Essential Components of Outreach Strategy

The ministry of preparation involves getting to know who we are as a congregation and getting to know the people around us. There are many ways to get to know the congregation and community including demographic studies and values inventories. We must know what we, as a congregation, have to offer and what the needs of the people are around us.

Once we know the needs of the people around the congregation, we must attempt to meet those needs by creating a caring presence within the community. This involves matching up the congregations gifts and strengths with the felt needs of the community.

Invitations without a party are meaningless. Presence without the proclamation of the Good News is also meaningless. The church must have a message to proclaim to the people she is ministering to, and that message must be Christ, and Him crucified. The members of the congregation need to be provided with ample training in how to greet visitors, how to be in ministry to their neighbors and co-workers as well as feel competent to explain the Gospel.

People who have felt our presence and heard the Good News of Jesus Christ proclaimed must have an opportunity to ask questions and explore the Christian Faith. The church must be prepared to answer their questions and provide a safe environment for people to explore the faith. This includes membership classes, support groups, small group Bible studies, etc.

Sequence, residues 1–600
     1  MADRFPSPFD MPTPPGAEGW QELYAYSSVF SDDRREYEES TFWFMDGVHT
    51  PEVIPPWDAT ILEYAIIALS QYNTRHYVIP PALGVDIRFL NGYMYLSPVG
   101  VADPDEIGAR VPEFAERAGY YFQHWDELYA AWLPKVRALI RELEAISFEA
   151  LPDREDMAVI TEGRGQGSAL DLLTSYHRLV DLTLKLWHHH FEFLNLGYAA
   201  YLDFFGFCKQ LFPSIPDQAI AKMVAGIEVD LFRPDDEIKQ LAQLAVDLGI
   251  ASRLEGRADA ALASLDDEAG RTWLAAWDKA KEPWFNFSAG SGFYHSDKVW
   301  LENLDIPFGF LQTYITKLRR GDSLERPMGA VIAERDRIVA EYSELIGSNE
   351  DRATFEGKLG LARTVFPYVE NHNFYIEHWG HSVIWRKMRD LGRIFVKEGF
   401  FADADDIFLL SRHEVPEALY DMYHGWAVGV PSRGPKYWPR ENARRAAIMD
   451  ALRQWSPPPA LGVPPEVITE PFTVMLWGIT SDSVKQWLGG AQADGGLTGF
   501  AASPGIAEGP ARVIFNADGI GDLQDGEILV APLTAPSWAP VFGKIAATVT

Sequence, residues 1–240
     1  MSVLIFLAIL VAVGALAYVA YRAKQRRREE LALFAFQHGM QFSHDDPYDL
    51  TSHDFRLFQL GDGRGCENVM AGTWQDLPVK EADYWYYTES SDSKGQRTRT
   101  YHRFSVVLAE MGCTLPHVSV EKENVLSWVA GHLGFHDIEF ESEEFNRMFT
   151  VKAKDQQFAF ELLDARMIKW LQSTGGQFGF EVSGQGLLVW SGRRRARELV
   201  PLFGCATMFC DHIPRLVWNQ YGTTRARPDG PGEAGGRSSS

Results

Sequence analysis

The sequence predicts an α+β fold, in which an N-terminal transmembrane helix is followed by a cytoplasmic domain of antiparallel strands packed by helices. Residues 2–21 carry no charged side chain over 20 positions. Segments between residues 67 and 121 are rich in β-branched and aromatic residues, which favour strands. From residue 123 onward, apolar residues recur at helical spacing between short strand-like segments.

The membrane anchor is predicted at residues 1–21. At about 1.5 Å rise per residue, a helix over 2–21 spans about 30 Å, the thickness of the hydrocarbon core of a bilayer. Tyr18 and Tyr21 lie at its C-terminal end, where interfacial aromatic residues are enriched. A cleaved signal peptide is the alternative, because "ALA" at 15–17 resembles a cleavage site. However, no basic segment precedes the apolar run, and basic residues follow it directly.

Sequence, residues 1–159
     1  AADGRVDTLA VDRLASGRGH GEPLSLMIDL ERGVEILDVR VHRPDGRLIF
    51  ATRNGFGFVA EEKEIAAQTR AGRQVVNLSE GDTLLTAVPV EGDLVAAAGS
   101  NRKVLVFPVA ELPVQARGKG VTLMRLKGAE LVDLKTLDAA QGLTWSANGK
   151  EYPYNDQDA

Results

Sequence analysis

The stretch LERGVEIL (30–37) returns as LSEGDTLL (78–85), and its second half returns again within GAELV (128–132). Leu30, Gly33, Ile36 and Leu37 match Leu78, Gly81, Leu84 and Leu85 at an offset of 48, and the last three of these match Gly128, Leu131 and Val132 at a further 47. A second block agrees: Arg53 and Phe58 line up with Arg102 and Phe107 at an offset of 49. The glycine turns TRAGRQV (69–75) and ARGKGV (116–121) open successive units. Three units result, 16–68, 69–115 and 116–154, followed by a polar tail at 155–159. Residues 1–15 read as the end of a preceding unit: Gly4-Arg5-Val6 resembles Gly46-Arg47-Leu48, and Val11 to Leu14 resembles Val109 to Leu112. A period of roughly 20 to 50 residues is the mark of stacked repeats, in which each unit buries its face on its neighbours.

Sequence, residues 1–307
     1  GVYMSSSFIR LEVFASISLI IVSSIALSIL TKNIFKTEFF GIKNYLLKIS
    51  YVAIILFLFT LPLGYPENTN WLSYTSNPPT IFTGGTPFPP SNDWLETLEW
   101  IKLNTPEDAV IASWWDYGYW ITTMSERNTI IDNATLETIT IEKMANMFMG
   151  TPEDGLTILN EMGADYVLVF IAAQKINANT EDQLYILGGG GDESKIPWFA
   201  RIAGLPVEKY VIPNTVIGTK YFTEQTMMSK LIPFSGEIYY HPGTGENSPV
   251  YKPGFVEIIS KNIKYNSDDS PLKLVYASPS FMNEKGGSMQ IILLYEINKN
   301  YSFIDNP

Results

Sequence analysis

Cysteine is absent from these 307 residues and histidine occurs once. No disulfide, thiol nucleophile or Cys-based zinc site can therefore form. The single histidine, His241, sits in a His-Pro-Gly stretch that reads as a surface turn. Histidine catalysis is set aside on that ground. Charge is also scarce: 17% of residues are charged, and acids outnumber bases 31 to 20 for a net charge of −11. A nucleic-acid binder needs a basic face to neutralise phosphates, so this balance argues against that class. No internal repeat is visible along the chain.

Broadened Perspective
Finally, if a church is growing and people are being involved in ministry the church must be prepared for that growth or have the intention to plant a new church. Personally, I believe that every church should have the intention to someday plant a new church whether that be across the sea or across the highway.

The Obligations of a DCO in Professional Ministry
Relationship to Congregation and Synod

I’m not sure how I see this right now. I am currently working as the Director of Youth and Family ministry in an LCMS church where I am not Called, Commissioned, or anything other than hired. So I do not have any relationship with the Circuit, District, Synod, etc. I think things may look a little different when/if I am called into ministry in a congregation.

Continuing Education in Professional Ministry
Education will always be a part of my life. I hope to get a M.Div someday and possibly pursue colloquy through the LCMS. I also intend to get a Doctorate (or two) so that I could be able to teach on a college level. Professional development opportunities such as conferences, specific training/certification, as well as ‘extra-curricular’ learning are all very important to me, so I can easily see myself involved in education to some degree every ‘semester’ for the next 10-15 years.

Professional Ethics
I believe in honesty (even when it hurts).
I believe in confidentiality (even when it’s hard).
I believe in God’s Word alone (even when doctrine/tradition is ‘more important’).